Open lands as vital as forests in sustaining biodiversity: study

In the context of climate change and global warming, all are concerned about conserving forests, planting and raising green islets at the cost of “degraded lands” with the deep-rooted assumption that forests sustain life the most. However, a study carried out by a team of researchers from the Central University of Kerala by taking dung beetles as models, suggests that it does not always hold true.

Dung beetles are pivotal to any terrestrial ecosystem for three major reasons - dung and carrion removal, nutrient recycling and mineralisation of soil, and secondary dispersal of seeds from the dung. They have rollers, dwellers, and tunnellers to disperse the ephemeral dung. Both the adults and grubs feed and develop on dung.

The team took the two habitats of sacred groves and adjoining home yards to investigate the habitat preference of beetles. Sacred groves are relics of secondary forests and yards are open orchards.

To understand the diel preference of the beetles, they sampled beetles using cow dung as a bait during day and night from 11 pairs of two habitats across Kasaragod district.

“I thought that forests, because they are cooler and shady, might support a greater activity of the beetles any time of the day,” said Asha, the Ph.D student of the ecology labs of CUK.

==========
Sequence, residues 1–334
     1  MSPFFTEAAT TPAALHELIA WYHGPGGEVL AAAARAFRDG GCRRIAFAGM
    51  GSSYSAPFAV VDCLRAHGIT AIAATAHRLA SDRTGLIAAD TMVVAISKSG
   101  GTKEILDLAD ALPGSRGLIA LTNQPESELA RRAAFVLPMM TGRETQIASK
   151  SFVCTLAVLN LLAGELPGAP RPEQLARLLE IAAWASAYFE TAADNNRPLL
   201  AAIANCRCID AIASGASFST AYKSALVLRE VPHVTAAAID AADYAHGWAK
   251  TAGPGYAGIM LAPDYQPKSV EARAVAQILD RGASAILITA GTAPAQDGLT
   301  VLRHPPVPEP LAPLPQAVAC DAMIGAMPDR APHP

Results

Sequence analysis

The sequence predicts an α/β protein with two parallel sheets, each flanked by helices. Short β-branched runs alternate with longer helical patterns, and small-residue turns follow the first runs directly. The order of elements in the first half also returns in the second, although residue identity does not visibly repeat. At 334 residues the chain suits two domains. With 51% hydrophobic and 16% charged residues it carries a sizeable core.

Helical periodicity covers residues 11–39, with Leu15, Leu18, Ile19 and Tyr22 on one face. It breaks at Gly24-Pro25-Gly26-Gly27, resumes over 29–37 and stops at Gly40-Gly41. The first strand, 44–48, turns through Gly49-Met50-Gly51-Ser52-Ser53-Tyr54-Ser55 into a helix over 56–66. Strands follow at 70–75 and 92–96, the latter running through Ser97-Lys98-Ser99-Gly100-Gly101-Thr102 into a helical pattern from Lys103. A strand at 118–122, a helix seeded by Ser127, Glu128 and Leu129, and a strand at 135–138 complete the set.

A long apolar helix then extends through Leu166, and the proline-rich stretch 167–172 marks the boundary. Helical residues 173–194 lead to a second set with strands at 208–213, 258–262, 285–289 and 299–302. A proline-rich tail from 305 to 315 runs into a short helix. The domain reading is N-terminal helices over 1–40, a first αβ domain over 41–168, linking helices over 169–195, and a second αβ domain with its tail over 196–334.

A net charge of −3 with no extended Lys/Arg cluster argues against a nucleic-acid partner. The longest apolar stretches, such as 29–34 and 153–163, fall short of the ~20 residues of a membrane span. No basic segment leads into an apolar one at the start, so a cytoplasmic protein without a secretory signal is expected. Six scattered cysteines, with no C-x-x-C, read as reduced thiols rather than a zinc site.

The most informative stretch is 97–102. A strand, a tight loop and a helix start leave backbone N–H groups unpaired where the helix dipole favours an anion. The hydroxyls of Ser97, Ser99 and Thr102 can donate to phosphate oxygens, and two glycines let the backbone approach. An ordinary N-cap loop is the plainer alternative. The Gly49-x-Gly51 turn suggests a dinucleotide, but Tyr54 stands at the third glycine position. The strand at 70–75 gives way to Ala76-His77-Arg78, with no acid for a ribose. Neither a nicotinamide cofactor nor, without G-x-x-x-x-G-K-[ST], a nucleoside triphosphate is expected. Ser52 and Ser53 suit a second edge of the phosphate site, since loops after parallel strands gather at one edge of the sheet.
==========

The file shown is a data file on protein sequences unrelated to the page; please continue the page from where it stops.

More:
But, to their great surprise, dung baits placed in open yards attracted over 86% of the beetles collected in the study. Overall, beetles have a marginal preference for day as 60% of the them were collected during the day. The diel pattern of activity was contrasting for open and shaded habitats. In home yards, beetles preferred day over night for their foraging activities. In sacred groves, 70% of the beetles’ activity was during the night.

The two dominant species collected in the study, Tiniocellus spinipes and Tibiodrepanus setosus, were exclusively collected from home yards, and that too during the day. They were almost absent in the night in home yards and sacred groves. Nevertheless, the rollers restricted their activity to the sacred groves, but during the day.

Thermal tolerance of the beetles matters in their activities. The thermal tolerance of rollers might be lower than that of the tunnellers and dwellers, Sinu, who led the study, said.

“At a time when we downgrade grasslands and ecosystems other than forests as degraded habitats and use them for our developmental activities, we should be aware that those systems have their own ecology and sustain biodiversity that help terrestrial ecosystem to function well,” said Dr. Sinu.

It is said that if the dung beetles had not evolved on the Earth, the world would have been swamped by the dung of all animals, he said.

The paper, published in Scientific Reports, a journal from the Nature group, has K. Manoj and P.P. Megha as two other authors.

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Printable version | Nov 30, 2021 10:02:42 PM |

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